Last May, the Utah Uniform Transfer on Death Act became effective. The basic purpose of the law is to allow Utah residents to pass title from one person to the next while avoiding probate. Before enacting House Bill 199, property in Utah could only pass from one generation to the next through a number of methods. These methods include probate, trust planning, and joint tenancy interests. Probate involves a court process where a judge order that a person may represent a deceased person’s estate. The appointed representative can then sell the deceased person’s property. Trusts, on the other hand, own property independently of the deceased person. When the original person who established the trust dies, a second person assumes the role as trustee of the trust. The “successor” trustee may then sell the property. Last o fall, some people list a child or loved one as joint tenants on property just before death. This last method is generally not recommended and it comes with its own set of problems and complications.
Now there is another way to pass property from one generation to the next. A transfer on death deed conveys real property upon the death of the original owners to a set of named beneficiaries. These type of deeds represent an opportunity for people who want to avoid the complexities of probate or trust administration. However, the transfer on death deed has its own set of problems as well. I’ve listed some of these below:
1. For families with multiple heirs—such as large families with several children—the transfer on death deed create multiple owners who may not agree about what they should do with the property. A property owner may try to circumvent this problem by listing a single beneficiary (such as a trusted son or daughter) who is responsible for selling the property and giving the proceeds to his brothers and sisters. However, that beneficiary has no legal obligation to fulfill this request after the owner is dead. Moreover, if he or she complies with the owner’s wishes, the government may impose a gift tax on the proceeds transferred to the beneficiary’s siblings.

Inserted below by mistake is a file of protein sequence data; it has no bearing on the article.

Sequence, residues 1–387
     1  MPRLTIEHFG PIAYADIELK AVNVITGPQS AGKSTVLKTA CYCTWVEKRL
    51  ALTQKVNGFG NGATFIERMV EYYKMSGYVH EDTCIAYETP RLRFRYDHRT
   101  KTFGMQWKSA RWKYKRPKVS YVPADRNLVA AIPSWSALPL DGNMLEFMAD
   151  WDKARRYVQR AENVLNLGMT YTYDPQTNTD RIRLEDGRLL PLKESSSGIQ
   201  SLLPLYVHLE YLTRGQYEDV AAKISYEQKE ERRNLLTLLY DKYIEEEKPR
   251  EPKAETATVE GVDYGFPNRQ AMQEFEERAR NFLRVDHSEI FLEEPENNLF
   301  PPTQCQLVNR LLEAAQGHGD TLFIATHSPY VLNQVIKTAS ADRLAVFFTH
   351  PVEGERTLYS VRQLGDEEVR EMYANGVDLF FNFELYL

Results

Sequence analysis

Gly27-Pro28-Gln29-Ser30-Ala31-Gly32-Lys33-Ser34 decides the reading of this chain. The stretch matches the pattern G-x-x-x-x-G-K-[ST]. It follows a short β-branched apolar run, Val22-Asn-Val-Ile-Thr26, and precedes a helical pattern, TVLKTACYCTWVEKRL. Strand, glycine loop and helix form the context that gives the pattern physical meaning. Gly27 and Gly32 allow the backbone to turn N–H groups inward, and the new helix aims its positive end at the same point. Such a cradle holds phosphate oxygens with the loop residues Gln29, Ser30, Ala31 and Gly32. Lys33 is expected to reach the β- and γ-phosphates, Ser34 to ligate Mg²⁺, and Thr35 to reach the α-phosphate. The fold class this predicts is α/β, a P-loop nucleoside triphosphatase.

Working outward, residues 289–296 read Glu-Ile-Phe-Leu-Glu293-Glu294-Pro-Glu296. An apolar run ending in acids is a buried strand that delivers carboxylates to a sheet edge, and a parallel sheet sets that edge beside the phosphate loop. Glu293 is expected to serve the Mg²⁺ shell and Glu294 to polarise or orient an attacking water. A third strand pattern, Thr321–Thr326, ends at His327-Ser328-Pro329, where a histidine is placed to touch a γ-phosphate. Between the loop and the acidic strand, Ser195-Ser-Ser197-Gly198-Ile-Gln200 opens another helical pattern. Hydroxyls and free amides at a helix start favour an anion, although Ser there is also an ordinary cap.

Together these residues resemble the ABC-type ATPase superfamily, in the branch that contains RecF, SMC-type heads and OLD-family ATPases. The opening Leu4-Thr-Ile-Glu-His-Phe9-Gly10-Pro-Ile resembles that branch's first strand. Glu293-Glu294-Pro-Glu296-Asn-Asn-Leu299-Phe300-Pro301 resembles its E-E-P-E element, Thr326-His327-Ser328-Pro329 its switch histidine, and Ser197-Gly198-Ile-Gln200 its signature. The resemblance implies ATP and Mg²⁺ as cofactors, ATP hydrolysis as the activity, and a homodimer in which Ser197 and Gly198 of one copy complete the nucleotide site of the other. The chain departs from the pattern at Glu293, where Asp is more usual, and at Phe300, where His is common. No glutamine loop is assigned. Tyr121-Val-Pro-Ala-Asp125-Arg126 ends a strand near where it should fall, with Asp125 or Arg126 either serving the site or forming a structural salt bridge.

2. The Transfer on death deed doesn’t provide for the property owner’s descendants if a beneficiary listed in the deed dies before the owner. In other words, if your son or daughter dies before you, his or her grandchildren do not take an inheritance. This is typically not the case with probate or trust administration.
3. The transfer on death deed doesn’t stop a spouse from changing his or her mind and assigning new beneficiaries once his or her spouse is dead. This is a problem that can often be avoided with good estate planning.
4. The transfer on death deed does not contemplate a number of problems that are usually part of a good estate plan. What if proceeds from the real property should be distributed gradually, over several years because a beneficiary is disabled, irresponsible with money, or addicted to drugs? What if the family needs to do some type of tax planning or charitable gifting?
There are a number of other reasons why a good estate plan is usually superior to a transfer on death deed. However, individuals should know and understand that an additional estate planning tool is available. The attorneys at Howard, Lewis, and Petersen can determine what type of estate planning tools might best help you reach your goals.Posted August 31st, 2018